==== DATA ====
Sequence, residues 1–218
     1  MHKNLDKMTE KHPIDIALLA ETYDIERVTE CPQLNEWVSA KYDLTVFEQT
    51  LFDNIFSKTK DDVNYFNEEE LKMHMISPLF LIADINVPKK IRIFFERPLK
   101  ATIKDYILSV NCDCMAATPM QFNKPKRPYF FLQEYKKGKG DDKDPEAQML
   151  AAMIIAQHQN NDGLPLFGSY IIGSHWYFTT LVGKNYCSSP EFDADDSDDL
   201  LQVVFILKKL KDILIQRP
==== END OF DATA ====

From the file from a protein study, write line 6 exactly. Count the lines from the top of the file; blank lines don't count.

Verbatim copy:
   201  LQVVFILKKL KDILIQRP